New at the Civitas Institute’s main page is my article discussing tax reform for North Carolina. The Charlotte Business Journal published a similar version of the article in this week’s edition (paid subscription required to see the whole article).
Here’s a sample:
It’s no secret that North Carolina legislators will take a serious crack at reforming the state’s tax code in 2013. Which leads us to the question: What tax structure will impose the least destruction on North Carolina’s economy, and enable it to once again become competitive?
Economists have provided abundant research on the topic, and have largely formed a consensus: Income taxes are the most harmful to a state’s economic growth, while the sales tax has the least negative impact.
The list of expert analysis confirming this thesis is abundant. To pick just one example, University of Colorado economist Barry Paulson ran a regression analysis of state economic performance and concluded that “the analysis underscores the negative impact of income taxes on economic growth in the states” and that states relying on income taxes for revenue experienced slower economic growth than states relying on other taxes for revenue.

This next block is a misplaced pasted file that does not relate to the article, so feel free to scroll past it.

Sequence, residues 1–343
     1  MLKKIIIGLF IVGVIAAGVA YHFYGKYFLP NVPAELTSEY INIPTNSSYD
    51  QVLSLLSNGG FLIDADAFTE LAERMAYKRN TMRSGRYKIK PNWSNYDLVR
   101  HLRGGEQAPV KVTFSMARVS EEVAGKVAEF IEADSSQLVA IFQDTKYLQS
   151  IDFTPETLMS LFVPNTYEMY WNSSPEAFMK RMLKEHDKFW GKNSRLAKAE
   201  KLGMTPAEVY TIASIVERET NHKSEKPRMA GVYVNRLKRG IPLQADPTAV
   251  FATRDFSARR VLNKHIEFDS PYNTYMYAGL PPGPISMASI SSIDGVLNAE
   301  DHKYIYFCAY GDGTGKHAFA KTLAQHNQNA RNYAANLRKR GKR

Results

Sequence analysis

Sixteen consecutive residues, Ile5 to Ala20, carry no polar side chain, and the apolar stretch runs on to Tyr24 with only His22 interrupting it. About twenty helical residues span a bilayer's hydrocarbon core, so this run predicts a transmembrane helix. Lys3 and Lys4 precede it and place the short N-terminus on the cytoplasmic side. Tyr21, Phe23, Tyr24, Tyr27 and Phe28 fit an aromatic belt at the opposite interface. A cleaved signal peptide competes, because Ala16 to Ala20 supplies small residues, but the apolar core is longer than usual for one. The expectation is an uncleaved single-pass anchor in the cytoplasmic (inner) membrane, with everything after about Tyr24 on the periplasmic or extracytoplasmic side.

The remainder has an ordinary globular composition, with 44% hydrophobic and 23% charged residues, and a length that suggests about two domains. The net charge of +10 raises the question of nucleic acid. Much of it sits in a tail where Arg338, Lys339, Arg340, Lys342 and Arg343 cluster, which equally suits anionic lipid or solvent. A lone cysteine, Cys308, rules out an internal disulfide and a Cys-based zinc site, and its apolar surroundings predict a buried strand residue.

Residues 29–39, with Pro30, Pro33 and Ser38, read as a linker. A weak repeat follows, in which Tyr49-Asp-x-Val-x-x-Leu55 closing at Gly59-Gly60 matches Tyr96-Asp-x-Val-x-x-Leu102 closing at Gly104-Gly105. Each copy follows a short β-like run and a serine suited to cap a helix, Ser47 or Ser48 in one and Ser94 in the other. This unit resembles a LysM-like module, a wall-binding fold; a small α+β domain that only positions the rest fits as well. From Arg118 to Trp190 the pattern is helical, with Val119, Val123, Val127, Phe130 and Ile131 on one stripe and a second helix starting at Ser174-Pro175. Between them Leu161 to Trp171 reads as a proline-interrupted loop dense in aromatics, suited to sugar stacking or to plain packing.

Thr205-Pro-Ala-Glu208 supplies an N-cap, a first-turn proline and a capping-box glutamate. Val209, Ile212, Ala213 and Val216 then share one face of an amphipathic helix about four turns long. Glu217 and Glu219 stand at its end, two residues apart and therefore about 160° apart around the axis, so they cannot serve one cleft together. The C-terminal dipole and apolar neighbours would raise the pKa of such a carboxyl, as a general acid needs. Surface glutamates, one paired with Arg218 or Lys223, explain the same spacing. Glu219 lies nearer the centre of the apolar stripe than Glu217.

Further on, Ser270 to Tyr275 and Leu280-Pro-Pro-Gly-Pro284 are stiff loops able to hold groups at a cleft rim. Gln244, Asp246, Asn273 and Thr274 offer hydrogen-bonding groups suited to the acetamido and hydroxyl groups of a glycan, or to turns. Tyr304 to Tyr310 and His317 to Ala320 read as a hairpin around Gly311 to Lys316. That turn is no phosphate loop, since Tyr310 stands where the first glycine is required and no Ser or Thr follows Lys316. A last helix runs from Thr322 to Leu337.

In a 2001 paper, Ohio University economist Richard Vedder compared the economic performance of states between 1957 and 1997 and found a “strong negative relationship between income taxes and economic growth,” and “sales taxes are clearly less harmful than income taxes.”
Read the whole article here.